Donald Trump appears to have had something of a rough ride since his inauguration as US president. Complaints about the property tycoon-turned politician seem to have a point in some cases, but the concerns expressed about his daughter, who has recently been hired as a White House employee, might perhaps be a little excessive.
Ivanka Trump has been in the spotlight in recent days after it emerged that her retail brand reportedly gained three provisional trademarks in China the day her father met Chinese President Xi Jinping at Trump's Mar-a-Lago estate in Florida.
The coincidence appears to have been given more prominence by critics than the much larger issue of trade between the world's two top economies, with the aim of hyping a conflict of interest that could tarnish the image of both the US president's family and the US' largest trading partner.
At least five trademarks for Ivanka Trump Marks LLC have been granted preliminary approval in China since Donald Trump came to power, in addition to 16 registered trademarks in China and over 30 pending applications, according to a report by The Associated Press on Tuesday. The report fueled ethics concerns about the first family of the US.
However the first daughter has already distanced herself from her clothing, jewelry and accessories brand, even though she still owns the business. Also, the fact that her self-named brand had already secured 16 trademarks, according to the AP report, before her father was sworn in as the US president, should ease the concerns.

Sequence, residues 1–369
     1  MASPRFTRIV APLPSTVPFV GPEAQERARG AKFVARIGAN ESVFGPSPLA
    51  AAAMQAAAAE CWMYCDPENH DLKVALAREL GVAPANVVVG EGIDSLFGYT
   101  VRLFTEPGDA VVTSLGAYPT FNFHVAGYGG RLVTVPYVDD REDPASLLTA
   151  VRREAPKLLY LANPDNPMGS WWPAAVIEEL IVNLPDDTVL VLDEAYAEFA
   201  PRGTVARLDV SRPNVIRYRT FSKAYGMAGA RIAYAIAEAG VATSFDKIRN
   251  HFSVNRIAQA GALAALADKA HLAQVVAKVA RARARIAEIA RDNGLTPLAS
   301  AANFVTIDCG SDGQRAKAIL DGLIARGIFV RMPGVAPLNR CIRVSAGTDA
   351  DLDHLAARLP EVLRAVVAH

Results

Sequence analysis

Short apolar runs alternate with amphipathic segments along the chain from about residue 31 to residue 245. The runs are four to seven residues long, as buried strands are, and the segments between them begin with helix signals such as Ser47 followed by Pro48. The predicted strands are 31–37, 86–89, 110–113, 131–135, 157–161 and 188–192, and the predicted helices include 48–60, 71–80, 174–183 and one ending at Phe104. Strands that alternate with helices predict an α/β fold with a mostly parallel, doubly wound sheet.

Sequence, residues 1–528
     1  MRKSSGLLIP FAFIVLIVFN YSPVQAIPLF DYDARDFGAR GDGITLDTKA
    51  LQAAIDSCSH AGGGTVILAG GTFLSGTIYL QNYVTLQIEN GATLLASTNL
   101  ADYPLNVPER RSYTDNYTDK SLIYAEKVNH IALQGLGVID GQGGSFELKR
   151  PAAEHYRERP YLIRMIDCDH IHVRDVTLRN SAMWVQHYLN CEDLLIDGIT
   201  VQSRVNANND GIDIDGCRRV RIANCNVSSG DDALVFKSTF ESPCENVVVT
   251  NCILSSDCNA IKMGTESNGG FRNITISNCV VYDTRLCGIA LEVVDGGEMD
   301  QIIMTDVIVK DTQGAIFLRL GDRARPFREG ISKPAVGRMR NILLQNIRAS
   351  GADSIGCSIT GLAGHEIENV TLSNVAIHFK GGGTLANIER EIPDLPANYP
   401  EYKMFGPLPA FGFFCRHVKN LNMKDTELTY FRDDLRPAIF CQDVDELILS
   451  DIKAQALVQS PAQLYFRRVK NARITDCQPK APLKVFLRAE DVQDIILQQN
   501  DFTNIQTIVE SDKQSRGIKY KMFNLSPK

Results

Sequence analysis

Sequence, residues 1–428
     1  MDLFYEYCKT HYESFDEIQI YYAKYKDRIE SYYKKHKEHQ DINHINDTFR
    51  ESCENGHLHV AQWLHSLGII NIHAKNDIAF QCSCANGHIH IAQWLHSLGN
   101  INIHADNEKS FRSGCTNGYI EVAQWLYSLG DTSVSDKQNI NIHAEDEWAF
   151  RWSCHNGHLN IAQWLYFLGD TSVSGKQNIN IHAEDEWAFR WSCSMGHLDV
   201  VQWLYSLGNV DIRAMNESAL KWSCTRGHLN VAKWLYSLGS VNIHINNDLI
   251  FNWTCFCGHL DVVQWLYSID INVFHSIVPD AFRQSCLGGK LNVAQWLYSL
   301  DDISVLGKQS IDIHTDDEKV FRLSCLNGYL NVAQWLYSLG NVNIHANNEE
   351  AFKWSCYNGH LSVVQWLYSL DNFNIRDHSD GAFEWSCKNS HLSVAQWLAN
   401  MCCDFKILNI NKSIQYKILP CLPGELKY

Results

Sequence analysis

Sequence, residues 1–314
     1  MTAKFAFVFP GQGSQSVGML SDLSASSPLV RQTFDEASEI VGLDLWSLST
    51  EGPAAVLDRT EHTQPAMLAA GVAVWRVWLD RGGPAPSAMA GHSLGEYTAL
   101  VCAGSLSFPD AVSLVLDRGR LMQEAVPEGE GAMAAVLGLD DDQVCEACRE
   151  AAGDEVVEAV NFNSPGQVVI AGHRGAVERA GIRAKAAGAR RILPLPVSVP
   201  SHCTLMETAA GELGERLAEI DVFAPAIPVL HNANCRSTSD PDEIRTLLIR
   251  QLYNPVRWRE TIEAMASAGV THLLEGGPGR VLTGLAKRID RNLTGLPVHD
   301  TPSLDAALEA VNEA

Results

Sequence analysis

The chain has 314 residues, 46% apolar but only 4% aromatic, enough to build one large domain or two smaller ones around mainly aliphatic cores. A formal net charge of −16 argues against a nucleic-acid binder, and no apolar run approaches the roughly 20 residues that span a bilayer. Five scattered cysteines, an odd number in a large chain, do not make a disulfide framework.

Ivanka Trump's business epitomizes US trade with China, in that it benefits consumers in both countries. Her investment in China makes it possible for a variety of mid-market collections to be available in the US market, to the benefit of China's manufacturing businesses as well as US consumers looking for affordable yet alluring fashion items.
As for nagging concerns over growing animosity in China toward foreign businesses, as the American Chamber of Commerce in China mentioned in a recent report, it is advised that foreign businesses need to reposition themselves in China's market where a level playing field is being built and foreign brands' triumph over domestic Chinese brands is no longer taken for granted.
Meanwhile, a blind eye should not be turned to investment restrictions faced by Chinese businesses in the US market.
It could be that the mix of China-related topics and the controversial first family of the US is what is attracting so much attention, but nothing should stand in the way of fostering closer ties between China and the US, especially at a time when the global economy appears to be increasingly plagued by uncertainties.
The author is a reporter with the Global Times. firstname.lastname@example.org